It is a cereal grain, that is usually found in beverages, bread, and various cuisines of every culture.
Barley, originating in Ethiopia and Southeast Asia, is considered an ancient grain and has been cultivated for over 10,000 years. In the present day, there are about 145 million tons produced every year and is still included in the diet of many African, European, and Middle Eastern nations.
It can be added to salads, soups, curries, and stews for a rich flavor.
100g of barley, pearled, cooked contains:
- 123 calories;
- 3.8g Fiber – 15% daily value;
- 2.3g Protein – 5% DV;
- 0.8mcg Vitamin K – 1% DV;
- 0.1mg Thiamin – 6% DV;
- 0.1mg Riboflavin – 4% DV;
- 2.1mg Niacin – 10% DV;
- 0.1mg Vitamin B6 – 6% DV;
- 16mcg Folate – 4% DV;
- 0.1mg Panthothenic Acid – 1% DV;
- 13.4mg Choline;
- 11mg Calcium – 1% DV;
- 1.3mg Iron – 7% DV;
- 22mg Magnesium – 5% DV;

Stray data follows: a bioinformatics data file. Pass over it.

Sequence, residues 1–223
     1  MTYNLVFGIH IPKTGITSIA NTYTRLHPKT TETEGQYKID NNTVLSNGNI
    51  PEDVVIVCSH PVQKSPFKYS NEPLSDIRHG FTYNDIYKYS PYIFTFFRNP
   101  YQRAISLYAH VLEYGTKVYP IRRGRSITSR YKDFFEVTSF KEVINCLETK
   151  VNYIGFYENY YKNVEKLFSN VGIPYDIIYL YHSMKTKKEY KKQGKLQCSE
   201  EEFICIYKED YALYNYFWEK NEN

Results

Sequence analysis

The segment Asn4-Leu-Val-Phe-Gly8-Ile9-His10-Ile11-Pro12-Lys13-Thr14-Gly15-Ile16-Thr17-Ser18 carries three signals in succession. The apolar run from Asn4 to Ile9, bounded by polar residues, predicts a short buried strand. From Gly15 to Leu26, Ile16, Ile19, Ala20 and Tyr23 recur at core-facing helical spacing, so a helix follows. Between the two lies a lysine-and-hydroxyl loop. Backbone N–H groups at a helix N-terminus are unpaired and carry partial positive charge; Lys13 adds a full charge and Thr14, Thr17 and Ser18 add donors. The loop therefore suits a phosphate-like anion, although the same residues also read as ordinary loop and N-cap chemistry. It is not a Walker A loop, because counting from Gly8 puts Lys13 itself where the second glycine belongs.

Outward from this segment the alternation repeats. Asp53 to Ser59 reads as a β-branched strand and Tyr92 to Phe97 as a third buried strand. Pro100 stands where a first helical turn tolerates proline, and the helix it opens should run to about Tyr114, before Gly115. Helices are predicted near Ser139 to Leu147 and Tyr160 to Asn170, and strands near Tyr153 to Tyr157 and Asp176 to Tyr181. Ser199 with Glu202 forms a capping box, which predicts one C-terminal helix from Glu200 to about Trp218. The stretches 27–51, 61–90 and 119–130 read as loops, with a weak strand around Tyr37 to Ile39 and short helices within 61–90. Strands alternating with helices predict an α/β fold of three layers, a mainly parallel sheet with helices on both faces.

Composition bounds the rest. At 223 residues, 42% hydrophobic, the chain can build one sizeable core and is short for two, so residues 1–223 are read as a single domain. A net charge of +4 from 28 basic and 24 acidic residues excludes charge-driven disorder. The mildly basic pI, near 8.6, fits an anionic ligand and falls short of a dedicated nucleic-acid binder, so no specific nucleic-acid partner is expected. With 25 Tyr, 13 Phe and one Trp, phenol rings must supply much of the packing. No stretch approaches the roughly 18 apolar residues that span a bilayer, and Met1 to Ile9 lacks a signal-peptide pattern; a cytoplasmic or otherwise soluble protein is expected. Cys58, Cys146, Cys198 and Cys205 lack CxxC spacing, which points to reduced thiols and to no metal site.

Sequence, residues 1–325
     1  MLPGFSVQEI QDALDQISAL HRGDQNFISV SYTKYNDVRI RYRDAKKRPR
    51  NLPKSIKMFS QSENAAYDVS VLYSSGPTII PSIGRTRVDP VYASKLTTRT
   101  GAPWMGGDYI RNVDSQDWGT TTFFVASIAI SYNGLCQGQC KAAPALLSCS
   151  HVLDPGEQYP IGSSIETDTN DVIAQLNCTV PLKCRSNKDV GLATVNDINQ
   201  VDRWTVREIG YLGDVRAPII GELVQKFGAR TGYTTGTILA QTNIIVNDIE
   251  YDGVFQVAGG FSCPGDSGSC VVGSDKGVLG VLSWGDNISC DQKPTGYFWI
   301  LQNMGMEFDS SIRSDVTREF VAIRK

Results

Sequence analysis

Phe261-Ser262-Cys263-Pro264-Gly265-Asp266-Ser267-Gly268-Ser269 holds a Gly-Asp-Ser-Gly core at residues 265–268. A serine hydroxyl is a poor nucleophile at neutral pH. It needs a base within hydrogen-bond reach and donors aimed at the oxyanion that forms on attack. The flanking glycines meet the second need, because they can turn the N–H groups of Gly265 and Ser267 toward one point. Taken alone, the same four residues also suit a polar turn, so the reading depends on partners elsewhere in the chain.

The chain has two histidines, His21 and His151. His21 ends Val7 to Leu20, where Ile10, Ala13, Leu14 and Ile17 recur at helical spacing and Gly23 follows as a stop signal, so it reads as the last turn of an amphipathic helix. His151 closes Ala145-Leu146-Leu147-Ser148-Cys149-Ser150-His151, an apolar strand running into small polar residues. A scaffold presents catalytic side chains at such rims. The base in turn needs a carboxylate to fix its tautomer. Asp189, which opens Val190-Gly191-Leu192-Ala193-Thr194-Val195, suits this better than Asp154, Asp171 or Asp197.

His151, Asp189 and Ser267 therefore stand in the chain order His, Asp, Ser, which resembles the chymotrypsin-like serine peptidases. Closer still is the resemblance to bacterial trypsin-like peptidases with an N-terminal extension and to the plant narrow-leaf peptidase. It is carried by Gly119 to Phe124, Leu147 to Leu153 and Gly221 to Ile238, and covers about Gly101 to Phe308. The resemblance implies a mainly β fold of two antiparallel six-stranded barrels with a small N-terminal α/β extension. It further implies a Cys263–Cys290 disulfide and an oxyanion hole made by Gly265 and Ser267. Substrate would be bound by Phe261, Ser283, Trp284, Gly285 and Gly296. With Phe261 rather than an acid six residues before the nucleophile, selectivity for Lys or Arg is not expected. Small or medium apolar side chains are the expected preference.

- 54mg Phosphorus – 5% DV;
- 93mg Potassium – 3% DV;
- 0.8mg Zinc – 5% DV;
- 0.1mg Copper – 5% DV;
- 0.3mg Manganese – 13% DV;
- 8.6mcg Selenium – 12% DV.
Barley – 28 ± 2
Being an excellent source of both insoluble and soluble fibers, barley is specifically recommended by nutritionists for its naturally zero cholesterol and low-fat content.
The beta glucan fiber found in this grain lowers LDL cholesterol by binding to bile acids and removing them from the body by excretion. According to studies, a daily intake of 4g of beta-glucans fibers can lower LDL cholesterol levels by about 6%.
Moreover, adults who regularly consume high amounts of barley’s beta gluten fiber experience weight loss since their levels of hunger diminished, according to a 2008 study done by the Department of Food Science and Nutrition, University of Minnesota, USA.